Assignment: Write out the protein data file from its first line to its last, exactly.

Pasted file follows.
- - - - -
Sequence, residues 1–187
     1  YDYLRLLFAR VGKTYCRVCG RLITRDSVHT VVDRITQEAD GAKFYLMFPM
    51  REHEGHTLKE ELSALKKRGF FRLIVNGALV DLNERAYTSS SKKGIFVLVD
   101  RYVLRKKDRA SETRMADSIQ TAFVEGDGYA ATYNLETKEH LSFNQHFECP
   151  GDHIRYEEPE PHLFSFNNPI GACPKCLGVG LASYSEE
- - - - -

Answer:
Sequence, residues 1–187
     1  YDYLRLLFAR VGKTYCRVCG RLITRDSVHT VVDRITQEAD GAKFYLMFPM
    51  REHEGHTLKE ELSALKKRGF FRLIVNGALV DLNERAYTSS SKKGIFVLVD
   101  RYVLRKKDRA SETRMADSIQ TAFVEGDGYA ATYNLETKEH LSFNQHFECP
   151  GDHIRYEEPE PHLFSFNNPI GACPKCLGVG LASYSEE